> Unicode support.  I am supposed to have a look at Unicode support
> in ncurses after I'm satisfied with GNOME (FriBidi, Pango, GTK+,
> AbiWord), but most probably it's not before 2005.
> > If there aren't I will base any future work on this
> > code rather than the akka original.
> :D.
> Nadim Shakili wrote:
> >
> > A couple of questions though,
> >
> >  1. Can we take this conversation to Arabeyes' "developer"
> >     mailing-list ?  I'm sure we'll want to refer back to
> >     all these points in the future.
> Sure.
> >  2. Can we come up with an alternate name to this package.
> >     Akka 2.0 (with no mention of the previous work or credits) ?
> >     suggestions ?  Behdad, its your baby, so its your call.
> Well, "farsi" is not such a bad name as long as it's used in
> English written text ;-).  Ok, it has proved to be a bad name.
> Perhaps '"farsi"' is a good name, but again in written context.
> BTW, you should not need that word in English; one should always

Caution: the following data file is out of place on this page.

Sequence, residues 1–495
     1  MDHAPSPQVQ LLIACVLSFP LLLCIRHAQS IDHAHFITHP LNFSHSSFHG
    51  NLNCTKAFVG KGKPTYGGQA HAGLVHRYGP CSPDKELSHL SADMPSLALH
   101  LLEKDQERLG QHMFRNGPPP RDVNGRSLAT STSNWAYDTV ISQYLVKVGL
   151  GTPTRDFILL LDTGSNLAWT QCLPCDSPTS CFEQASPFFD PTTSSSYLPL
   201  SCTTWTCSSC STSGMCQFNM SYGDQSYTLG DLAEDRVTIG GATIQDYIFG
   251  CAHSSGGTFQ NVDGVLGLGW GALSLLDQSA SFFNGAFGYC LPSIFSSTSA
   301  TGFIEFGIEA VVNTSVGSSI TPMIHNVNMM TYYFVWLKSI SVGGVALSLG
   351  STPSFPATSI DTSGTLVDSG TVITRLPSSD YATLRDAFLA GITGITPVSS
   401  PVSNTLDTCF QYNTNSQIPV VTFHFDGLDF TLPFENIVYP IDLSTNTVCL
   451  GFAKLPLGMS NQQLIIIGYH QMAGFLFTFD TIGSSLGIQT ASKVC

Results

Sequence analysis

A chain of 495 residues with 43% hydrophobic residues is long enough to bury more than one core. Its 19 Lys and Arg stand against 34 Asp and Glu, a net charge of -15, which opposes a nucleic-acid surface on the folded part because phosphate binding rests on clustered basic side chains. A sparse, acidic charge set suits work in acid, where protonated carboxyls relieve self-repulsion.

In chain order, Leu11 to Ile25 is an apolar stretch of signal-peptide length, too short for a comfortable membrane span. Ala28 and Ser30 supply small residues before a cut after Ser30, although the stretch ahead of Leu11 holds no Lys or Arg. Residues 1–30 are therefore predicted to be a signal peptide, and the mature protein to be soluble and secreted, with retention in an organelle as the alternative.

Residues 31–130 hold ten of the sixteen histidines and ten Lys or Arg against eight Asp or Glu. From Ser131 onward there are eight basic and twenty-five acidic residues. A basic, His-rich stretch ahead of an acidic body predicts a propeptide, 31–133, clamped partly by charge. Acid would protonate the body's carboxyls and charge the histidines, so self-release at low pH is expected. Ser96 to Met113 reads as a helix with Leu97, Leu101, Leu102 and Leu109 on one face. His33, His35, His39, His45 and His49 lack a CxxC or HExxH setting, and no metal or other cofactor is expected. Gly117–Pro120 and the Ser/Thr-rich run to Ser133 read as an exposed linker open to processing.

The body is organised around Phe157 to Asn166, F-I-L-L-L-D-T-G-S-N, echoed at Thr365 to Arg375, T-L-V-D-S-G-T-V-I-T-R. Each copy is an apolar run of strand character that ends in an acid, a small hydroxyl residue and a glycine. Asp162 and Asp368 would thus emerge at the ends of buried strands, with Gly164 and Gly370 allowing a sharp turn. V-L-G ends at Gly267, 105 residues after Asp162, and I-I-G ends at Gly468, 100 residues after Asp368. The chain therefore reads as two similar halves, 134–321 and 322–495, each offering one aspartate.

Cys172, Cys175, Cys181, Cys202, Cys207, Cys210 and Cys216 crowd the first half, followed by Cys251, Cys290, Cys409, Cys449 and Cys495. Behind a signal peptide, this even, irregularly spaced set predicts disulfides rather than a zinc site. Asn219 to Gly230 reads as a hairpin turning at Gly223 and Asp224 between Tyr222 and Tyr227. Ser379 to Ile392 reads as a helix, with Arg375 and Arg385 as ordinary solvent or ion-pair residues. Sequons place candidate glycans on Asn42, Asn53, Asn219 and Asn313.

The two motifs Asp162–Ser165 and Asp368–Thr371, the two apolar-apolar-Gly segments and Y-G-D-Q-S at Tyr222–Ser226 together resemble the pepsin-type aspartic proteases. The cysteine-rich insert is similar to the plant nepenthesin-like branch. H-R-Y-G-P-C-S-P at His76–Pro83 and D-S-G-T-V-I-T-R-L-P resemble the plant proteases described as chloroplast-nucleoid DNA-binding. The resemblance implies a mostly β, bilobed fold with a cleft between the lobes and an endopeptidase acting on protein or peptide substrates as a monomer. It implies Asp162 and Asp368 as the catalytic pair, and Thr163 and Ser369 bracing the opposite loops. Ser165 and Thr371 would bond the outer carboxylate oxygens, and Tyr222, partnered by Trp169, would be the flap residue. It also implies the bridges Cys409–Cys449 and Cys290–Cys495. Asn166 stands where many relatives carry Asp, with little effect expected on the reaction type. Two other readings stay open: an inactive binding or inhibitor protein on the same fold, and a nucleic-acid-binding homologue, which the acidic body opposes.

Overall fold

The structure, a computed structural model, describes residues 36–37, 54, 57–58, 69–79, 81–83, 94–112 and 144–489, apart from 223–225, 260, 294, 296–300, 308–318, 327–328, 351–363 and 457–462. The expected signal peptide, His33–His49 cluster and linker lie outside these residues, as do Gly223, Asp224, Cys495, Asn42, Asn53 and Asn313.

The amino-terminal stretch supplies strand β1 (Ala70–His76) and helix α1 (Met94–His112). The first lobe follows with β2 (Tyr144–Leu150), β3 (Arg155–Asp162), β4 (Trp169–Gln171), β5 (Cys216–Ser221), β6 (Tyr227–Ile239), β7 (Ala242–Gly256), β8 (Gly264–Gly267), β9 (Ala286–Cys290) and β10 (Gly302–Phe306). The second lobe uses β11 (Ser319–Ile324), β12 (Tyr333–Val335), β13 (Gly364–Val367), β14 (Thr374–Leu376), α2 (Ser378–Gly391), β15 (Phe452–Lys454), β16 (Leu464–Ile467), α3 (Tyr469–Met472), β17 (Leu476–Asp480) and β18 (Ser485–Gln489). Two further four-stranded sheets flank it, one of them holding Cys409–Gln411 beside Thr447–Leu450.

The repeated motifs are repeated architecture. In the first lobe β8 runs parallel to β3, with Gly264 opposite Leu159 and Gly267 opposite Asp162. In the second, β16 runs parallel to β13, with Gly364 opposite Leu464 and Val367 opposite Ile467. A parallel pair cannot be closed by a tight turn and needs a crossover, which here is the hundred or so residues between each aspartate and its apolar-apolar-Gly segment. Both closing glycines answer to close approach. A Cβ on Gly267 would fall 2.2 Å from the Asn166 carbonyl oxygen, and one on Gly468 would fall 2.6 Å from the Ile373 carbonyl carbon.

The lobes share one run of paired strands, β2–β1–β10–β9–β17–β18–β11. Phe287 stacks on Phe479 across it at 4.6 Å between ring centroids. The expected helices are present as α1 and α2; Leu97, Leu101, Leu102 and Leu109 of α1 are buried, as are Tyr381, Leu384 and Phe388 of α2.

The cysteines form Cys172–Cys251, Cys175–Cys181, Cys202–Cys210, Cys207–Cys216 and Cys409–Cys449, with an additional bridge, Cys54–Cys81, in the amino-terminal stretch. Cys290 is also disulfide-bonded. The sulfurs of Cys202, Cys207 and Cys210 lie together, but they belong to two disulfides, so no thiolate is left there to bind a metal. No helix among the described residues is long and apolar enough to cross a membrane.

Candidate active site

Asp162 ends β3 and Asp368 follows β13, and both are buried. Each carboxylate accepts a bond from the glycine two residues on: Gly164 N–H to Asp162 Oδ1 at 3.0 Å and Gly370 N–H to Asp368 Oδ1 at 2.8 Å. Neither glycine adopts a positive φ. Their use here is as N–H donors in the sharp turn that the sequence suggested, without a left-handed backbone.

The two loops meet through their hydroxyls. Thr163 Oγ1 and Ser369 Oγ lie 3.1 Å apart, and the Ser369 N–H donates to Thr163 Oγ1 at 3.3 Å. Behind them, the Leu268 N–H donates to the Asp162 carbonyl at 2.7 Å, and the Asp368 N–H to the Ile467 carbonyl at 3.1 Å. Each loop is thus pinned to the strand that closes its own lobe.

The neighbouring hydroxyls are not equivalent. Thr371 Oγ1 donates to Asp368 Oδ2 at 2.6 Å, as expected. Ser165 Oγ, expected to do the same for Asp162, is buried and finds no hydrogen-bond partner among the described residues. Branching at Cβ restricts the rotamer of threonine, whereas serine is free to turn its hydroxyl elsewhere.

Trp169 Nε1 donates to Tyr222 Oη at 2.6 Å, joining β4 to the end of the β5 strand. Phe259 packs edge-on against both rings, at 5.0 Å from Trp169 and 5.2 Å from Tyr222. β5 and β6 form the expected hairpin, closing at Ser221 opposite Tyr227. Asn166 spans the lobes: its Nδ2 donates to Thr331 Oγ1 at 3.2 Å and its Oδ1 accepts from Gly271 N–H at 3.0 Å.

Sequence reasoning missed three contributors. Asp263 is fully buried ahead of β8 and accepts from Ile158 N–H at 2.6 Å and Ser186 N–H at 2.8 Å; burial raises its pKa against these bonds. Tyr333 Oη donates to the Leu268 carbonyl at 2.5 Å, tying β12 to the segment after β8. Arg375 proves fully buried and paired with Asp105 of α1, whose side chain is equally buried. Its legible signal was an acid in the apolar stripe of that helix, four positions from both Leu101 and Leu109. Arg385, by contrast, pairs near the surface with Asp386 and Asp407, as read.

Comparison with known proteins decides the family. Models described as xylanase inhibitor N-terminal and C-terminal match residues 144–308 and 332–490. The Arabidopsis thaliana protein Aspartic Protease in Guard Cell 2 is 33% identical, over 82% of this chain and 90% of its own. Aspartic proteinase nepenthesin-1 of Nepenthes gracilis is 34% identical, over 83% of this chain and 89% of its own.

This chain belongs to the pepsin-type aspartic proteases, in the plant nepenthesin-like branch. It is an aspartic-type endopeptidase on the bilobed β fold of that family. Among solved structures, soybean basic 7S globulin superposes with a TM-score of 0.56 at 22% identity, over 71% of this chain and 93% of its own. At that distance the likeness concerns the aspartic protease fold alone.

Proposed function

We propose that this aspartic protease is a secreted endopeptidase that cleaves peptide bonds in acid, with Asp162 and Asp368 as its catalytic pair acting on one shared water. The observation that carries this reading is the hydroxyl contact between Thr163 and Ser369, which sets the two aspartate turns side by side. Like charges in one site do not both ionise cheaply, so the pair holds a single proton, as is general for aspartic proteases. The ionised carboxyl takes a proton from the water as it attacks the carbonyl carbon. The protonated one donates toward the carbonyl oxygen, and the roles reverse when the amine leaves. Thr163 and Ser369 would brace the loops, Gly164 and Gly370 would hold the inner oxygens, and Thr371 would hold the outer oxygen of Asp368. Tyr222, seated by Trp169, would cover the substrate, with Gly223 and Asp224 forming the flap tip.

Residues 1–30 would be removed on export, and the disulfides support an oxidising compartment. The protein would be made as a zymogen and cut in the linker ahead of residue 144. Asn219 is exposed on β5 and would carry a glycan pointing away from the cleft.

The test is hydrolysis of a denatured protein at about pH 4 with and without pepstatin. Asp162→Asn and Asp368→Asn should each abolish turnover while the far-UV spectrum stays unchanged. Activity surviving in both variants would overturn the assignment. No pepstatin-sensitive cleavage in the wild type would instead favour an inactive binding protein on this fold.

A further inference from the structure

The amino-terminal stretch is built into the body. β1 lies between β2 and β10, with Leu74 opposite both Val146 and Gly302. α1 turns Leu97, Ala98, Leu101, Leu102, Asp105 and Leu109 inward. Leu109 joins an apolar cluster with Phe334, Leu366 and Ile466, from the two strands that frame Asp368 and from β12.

> use Persian to refer to the language.
> Second, it's the Free World (as in Free Beer) of Free Software
> (as in Freedom) ;-).  Feel Free to Fu^^Hack the code.  (Free as
> in Freedom, not as in Beer.  Don't forget my Beer).
> Akka 2.0, may make up a good name.  I too prefer not binding a
> new name to the same functionality.  Perhaps we would want to
> give some hints and credit to pre-2.0 Akka.  Roozbeh?
> I'm fine with Akka, if on your website and the main README file,
> you write it this way:
> Akka (aka "farsi")
> Another idea comes to my mind, about popping another name.  Just
> take the middle and call it 'baghdad'?  ;-).
> >  3. Can we, once 1&2 above are agreed upon, release this code
> >     so that its archived somewhere.  From what I remember, the
> >     code as it stands today is fully functional with the
> >     exception of a few missing shaping characters.  Once those
> >     are taken care of, we can release, right ?
> I have attached my latest code, and hopefully with my comments at
> the end of this message, you can make it fully functional.  Last
> time I tried there were things that needed some change to work in
> laters Red Hat systems.  Mainly, consolechars is dropped and
> setfont should be used instead.
> Muhammad Alkarouri
> >
> > While I would certainly prefer an alternative name,